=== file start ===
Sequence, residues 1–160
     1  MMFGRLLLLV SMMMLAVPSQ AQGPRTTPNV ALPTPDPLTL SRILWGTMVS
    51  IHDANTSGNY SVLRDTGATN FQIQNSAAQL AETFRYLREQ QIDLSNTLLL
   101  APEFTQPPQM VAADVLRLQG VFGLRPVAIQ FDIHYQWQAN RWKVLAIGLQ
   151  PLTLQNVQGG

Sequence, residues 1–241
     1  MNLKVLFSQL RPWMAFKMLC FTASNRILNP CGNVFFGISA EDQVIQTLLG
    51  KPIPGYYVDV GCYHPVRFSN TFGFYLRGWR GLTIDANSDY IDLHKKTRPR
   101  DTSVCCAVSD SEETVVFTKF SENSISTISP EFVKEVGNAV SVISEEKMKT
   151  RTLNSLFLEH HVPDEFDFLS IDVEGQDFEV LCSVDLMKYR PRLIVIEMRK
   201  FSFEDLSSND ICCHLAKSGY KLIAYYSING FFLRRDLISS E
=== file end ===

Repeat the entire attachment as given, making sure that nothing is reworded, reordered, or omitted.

Sequence, residues 1–160
     1  MMFGRLLLLV SMMMLAVPSQ AQGPRTTPNV ALPTPDPLTL SRILWGTMVS
    51  IHDANTSGNY SVLRDTGATN FQIQNSAAQL AETFRYLREQ QIDLSNTLLL
   101  APEFTQPPQM VAADVLRLQG VFGLRPVAIQ FDIHYQWQAN RWKVLAIGLQ
   151  PLTLQNVQGG

Sequence, residues 1–241
     1  MNLKVLFSQL RPWMAFKMLC FTASNRILNP CGNVFFGISA EDQVIQTLLG
    51  KPIPGYYVDV GCYHPVRFSN TFGFYLRGWR GLTIDANSDY IDLHKKTRPR
   101  DTSVCCAVSD SEETVVFTKF SENSISTISP EFVKEVGNAV SVISEEKMKT
   151  RTLNSLFLEH HVPDEFDFLS IDVEGQDFEV LCSVDLMKYR PRLIVIEMRK
   201  FSFEDLSSND ICCHLAKSGY KLIAYYSING FFLRRDLISS E